In the text

  \begin{figure}
\par\includegraphics[height=8.5cm,angle=-90]{fig4.ps}
\end{figure} Figure 4:

The 41 GHz log N-log S of all blazars in the complete sample ( $\vert b_{\rm II}\vert > 15^\circ $) is shown by the filled dots with error bars. For clarity, only a subset of points is shown.

Open with DEXTER
In the text

  \begin{figure}
\par\includegraphics[height=7.5cm,angle=0]{fig5.ps}
\end{figure} Figure 5:

The redshift distributions of blazars (FSRQs and BL Lacs), SSRQs, and radio galaxies.

Open with DEXTER
In the text

  \begin{figure}
\par\includegraphics[height=7.5cm,clip]{fig6.ps}
\end{figure} Figure 6:

The banded statistic, $\langle (V - V_{\rm o})/(V_{\rm max} - V_{\rm o}) \rangle$ versus $z_{\rm o}$ for WMAP FSRQ. The horizontal dashed line indicates the value of 0.5 expected based on the null hypothesis of no evolution.

Open with DEXTER
In the text

  \begin{figure}
\par\includegraphics[height=7.5cm,clip]{fig7.ps}\vspace{-3mm}
\end{figure} Figure 7:

The local, de-evolved 41 GHz luminosity function of BL Lacs (filled points with error bars). Error bars correspond to $1\sigma $ Poisson errors (Gehrels 1986). The solid line is a weighted least squares fit to the data of the form $\phi (P_{\rm r}) \propto P_{\rm r}^{-2.62}$ (see text for details).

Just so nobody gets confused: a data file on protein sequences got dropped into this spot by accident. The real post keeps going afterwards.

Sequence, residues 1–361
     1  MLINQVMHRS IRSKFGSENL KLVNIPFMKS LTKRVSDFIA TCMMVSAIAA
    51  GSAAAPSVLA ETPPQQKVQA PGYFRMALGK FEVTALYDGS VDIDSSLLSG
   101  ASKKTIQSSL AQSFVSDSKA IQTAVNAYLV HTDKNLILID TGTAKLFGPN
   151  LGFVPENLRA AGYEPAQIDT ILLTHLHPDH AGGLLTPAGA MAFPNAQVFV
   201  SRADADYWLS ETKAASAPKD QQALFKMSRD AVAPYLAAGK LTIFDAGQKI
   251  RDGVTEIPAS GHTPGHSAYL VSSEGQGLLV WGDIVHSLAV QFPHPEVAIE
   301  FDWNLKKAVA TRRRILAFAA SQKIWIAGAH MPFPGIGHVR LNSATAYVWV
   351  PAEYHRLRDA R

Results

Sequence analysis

Open with DEXTER
In the text

  \begin{figure}
\par\includegraphics[height=7.5cm,clip]{fig8.ps}
\end{figure} Figure 8:

The bivariate 5 GHz luminosity function of WMAP BL Lacs (filled points) and DXRBS (open triangles) compared to the predictions of a beaming model based on the 1 Jy luminosity function and evolution (solid line Urry & Padovani 1995). The open squares represent the 1 Jy luminosity function (Stickel et al. 1991). Error bars correspond to 1$\sigma $ Poisson errors (Gehrels 1986). The DXRBS points were corrected to take into account their somewhat different definition of a BL Lac (Padovani et al. 2007). For consistency with (Stickel et al. 1991) and (Urry & Padovani 1995), the WMAP luminosity function was de-evolved to zero redshift, and an H0 = 50 km s-1 Mpc-1, $\Omega _{\rm M} = 0$, and $\Omega _{\rm\Lambda } = 0$cosmology has been adopted.

Open with DEXTER
In the text

  \begin{figure}
\par\includegraphics[height=7.5cm,clip]{fig9.ps} \end{figure} Figure 9:

The local, de-evolved 41 GHz luminosity function of WMAP FSRQs. Error bars correspond to 1$\sigma $ Poisson errors (Gehrels 1986).

Open with DEXTER
In the text

  \begin{figure}
\par\includegraphics[height=7.5cm,clip]{fig10.ps}
\end{figure} Figure 10: